When there are numerous prospective buyers, having a consistent set of analyses for all parties can significantly reduce the burden on the seller to respond to multiple document requests and redundant queries. Sell-side diligence can also help identify serious buyers and weed out those early on in the process who are looking for ways to renegotiate purchase price or take advantage of a competitor.
Private equity firms, in particular, are discovering the many benefits of sell-side diligence. They are requiring their portfolio companies to conduct their own internal diligence as a way to prepare management teams for the sale process and for the questions they will be asked by buyers. Sell-side diligence is proving to be invaluable in educating those management teams and getting them comfortable with the presentation of critical financial information.
Does sell-side diligence replace buy-side diligence?
For buyers, the key advantage of sell-side diligence is the ability to save time and money. To the extent that buyers want to rely on that diligence, they can reduce their own costs and complete the sale process in a quicker time frame. More often than not, buy-side diligence process is not replaced. No matter how thorough the sell-side report, prudent buyers will not rely entirely on that document. They view it as a starting point and a framework for future discussions.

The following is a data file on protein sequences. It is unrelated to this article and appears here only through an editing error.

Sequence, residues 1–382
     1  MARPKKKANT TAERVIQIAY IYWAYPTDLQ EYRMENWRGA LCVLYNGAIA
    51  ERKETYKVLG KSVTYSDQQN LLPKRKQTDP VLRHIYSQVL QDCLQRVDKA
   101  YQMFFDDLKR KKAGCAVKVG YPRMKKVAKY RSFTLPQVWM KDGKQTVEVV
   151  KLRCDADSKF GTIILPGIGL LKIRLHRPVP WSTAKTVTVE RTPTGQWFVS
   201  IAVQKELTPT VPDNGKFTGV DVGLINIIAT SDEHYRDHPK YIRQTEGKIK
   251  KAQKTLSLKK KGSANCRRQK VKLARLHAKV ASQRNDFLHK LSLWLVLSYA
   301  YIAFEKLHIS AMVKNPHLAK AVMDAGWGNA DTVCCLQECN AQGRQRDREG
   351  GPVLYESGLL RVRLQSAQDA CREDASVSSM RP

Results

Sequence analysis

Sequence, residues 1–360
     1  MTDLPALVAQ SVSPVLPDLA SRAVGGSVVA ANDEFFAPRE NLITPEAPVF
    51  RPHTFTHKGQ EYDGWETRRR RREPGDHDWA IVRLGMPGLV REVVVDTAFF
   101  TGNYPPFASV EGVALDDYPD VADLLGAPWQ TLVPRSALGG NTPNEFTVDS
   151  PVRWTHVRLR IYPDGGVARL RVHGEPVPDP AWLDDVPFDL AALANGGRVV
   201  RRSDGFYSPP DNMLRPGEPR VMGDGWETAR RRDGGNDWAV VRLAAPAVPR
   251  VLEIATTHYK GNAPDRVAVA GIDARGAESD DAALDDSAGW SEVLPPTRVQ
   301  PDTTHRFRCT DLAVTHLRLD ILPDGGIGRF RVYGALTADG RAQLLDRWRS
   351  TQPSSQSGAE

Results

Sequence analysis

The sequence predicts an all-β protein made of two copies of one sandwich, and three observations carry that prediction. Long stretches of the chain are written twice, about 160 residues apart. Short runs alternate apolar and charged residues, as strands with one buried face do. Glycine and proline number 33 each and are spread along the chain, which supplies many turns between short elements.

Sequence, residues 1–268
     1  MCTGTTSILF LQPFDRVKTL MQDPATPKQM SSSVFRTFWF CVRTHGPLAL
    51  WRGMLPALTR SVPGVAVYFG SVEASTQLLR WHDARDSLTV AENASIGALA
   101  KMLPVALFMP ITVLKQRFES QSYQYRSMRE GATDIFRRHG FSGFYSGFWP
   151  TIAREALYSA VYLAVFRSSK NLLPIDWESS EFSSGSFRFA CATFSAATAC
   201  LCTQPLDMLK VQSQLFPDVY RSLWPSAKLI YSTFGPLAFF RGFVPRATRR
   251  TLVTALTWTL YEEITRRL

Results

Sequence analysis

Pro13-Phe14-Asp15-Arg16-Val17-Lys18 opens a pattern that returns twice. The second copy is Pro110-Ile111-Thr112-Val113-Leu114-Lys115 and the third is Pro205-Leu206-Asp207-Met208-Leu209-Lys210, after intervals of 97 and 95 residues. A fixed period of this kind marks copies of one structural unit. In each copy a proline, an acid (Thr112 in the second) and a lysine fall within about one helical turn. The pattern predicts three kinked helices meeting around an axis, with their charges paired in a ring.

Are carve-out transactions good candidates for sell-side diligence?
The complicated nature of carve-outs makes them prime candidates for sell-side due diligence. Carve-outs often have unique challenges and difficulties. For instance, the financial statements of the business to be divested may be combined with other divisions, making it difficult to determine the true profitability of the carved-out business. Stand-alone costs, allocated costs, shared services and which systems and resources should move from the corporate parent to the newly independent company all need to be addressed. The buyer will demand clarity on all of these issues. Also, it facilitates identifying what functions are required in a transition services agreement and assessing the costs related thereto.
In the end, sell-side diligence can help buyers better understand the structure of a carve-out and eliminate uncertainties that could lead to a decrease in value.